GJ Minett is the author of The Hidden Legacy & Lie In Wait, as part of his blog tour to celebrate today’s paperback release of The Hidden Legacy, he’s taken time from his busy schedule to talk to LifeOfCri.me about his personal Dos and Don’ts of writing crime fiction.
Dos and Don’ts of Crime Writing
So … let’s get all the self-effacing disclaimers out of the way first, shall we?
I’m not entirely sure that a body of work comprising two eBooks and one paperback qualifies me as an expert on how best to go about producing a crime novel. I’m sure I would bristle at the idea of having to conform to someone else’s notions as to what constitutes good practice, so I’m not about to pontificate here. Feel free, as they say, to try this at home but please don’t feel under any obligation to wear the strait jacket. The right way is what best suits you.
I’ll share with you three examples of what works for me, with no significance at all attached to the order in which they appear.
Treat your readers with a bit of respect
I’m a reader. Part of the fun for me, in reading a crime novel, is working things out for myself, following clues, weeding out red herrings and trying to anticipate where the author is trying to take me. I don’t need to have my hand held. I certainly don’t want an idiot guide thrust into my hand. But equally, if I’m going to invest a great deal of time and mental energy into reading a 400 page novel, I expect to be able to believe the outcome. I may not see a twist coming, I may miss one or two crucial clues and shake my head when I think back, wondering how I didn’t pick up on them. What I do NOT want though is to be defeated by some startling coincidence or miraculous intervention I could never have foreseen in a million years that leaps out of nowhere and changes everything. Whenever this happens, it’s difficult to avoid the impression that the author has backed her/himself into a corner and not had a clue how to get out of it without resorting to desperate measures. Keep it real. Avoid shortcuts. Work the plot through beforehand and don’t short change the reader by settling for the mediocre.
Show don’t tell
OK … I know. Very MA in Creative Writing. But there’s a reason why this particular mantra is chanted at every writing course you’ll ever attend. It ties in neatly with the previous section because most readers are quite capable of working out for themselves how a character is feeling if they’re given the right visual clues. It is after all how we operate in real life. If I see someone wiping away a tear, I don’t need to be told “I’m feeling sad”. If someone is twisting the cord of a blind around a finger while gazing out of the window or slamming a glass down on the table so that the liquid slops over the side, I can tell what sort of mood we’re dealing with here without any need for some disembodied voice to tell me she’s sad or he’s angry. Why should these visual clues be any less effective in a novel? Some writers are so gifted in the way they allow feelings to seep through without any need for explanation that they add an extra layer of enjoyment to the whole reading experience. Try it next time you feel the urge to have one of your characters explain how she/he is feeling.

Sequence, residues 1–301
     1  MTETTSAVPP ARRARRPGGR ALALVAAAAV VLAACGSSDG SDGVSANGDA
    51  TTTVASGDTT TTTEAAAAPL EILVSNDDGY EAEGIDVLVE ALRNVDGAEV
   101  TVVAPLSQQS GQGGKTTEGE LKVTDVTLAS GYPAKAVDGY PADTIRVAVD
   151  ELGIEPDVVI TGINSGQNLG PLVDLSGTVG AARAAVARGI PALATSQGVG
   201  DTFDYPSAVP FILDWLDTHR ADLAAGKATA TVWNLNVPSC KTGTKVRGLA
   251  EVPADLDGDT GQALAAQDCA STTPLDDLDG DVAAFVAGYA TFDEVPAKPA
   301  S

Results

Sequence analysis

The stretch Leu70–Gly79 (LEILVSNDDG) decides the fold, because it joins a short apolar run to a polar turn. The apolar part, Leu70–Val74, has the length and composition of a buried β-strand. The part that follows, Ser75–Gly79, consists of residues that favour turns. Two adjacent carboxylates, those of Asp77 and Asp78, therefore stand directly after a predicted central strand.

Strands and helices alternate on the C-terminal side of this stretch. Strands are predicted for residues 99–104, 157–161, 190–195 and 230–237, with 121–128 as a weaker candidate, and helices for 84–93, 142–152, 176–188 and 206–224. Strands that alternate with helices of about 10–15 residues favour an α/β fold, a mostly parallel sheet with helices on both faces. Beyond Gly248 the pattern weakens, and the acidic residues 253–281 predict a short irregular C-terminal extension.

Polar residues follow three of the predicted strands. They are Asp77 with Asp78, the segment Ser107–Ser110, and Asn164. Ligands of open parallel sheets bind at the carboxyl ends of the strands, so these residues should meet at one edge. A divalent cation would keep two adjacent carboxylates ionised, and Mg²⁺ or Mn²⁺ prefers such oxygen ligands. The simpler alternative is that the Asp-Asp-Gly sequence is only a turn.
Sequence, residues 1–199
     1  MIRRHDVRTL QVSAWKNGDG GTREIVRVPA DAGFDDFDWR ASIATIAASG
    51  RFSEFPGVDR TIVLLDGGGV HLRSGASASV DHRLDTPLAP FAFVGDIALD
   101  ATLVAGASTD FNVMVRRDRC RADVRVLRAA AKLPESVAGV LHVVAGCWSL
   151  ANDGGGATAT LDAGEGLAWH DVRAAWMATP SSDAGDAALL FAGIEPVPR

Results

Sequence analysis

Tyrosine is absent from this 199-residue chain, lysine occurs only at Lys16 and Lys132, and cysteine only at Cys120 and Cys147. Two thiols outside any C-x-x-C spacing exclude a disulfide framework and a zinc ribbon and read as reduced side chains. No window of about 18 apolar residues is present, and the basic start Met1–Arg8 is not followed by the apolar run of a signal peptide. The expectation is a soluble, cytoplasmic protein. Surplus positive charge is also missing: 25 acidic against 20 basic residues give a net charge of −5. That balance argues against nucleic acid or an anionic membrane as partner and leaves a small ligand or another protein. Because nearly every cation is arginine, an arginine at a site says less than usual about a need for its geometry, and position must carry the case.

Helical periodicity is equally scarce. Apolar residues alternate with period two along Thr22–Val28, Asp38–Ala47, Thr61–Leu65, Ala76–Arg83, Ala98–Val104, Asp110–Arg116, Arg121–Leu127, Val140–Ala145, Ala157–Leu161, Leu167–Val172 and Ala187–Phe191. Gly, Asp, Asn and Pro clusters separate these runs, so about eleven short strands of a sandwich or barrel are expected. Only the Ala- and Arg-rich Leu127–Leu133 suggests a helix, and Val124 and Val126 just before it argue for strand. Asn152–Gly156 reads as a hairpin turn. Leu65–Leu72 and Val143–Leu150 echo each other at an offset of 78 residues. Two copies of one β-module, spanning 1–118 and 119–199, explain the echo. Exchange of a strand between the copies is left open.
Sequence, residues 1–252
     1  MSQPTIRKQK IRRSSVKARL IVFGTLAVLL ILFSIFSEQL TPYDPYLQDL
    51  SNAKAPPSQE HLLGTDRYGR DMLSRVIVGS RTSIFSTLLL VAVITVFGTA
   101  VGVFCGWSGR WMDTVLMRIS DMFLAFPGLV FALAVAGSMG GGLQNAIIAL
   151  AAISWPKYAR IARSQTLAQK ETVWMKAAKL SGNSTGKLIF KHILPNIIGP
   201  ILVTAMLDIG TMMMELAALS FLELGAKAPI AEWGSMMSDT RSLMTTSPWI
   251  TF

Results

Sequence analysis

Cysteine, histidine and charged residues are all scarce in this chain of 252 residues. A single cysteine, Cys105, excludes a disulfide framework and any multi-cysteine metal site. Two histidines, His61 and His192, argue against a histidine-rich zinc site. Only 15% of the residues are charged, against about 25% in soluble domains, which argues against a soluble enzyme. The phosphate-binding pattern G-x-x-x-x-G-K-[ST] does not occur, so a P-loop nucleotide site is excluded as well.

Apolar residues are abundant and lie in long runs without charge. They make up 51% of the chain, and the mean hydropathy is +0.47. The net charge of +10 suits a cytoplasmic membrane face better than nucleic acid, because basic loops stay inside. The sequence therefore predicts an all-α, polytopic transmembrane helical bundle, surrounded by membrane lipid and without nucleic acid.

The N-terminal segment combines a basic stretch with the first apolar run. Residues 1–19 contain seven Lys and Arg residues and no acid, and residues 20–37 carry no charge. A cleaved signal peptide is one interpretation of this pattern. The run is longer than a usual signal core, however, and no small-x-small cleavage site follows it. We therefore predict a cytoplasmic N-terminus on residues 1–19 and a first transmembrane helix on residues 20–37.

Listen to your dialogue
If you wrote a song, you’d probably want to play it and hear what it sounded like. I wonder sometimes how often writers apply the same principle to dialogue because all too often it clunks, for want of a better word. I read a novel recently that was excellent in many respects but whenever the police officers decided to go to the pub for a drink my heart sank because I knew what to expect. What was supposed to pass for male banter sounded more like cheeky chappie dialogue from 1920s Music Hall minus the boom boom and it simply didn’t ring true.
Dialogue is very important in most novels as a device for ‘nailing’ a character, making sure that she or he comes across as an authentic person you might encounter next time you walk into a bar. If it isn’t quite right, the reader will quickly pick up on any inauthenticity and the spell can be broken just like that.
Try recording your extended passages of dialogue and playing them back or maybe getting friends to read them out to you. Also try recording others when they’re speaking so that you can pick up on any nuances. Not many people string together whole sentences without digression, hesitation, repetition, sudden changes of subject. If you can work some of these subtle differences into the speech patterns of your characters, they will appear more authentic.
As I said at the outset, these three examples matter greatly to me and have helped me enormously. I hope they will be of some use to you too.
And I just know someone is already trawling through my novels right now in search of instances where I haven’t managed to practise what I’ve preached. I’m sure they’ll find them!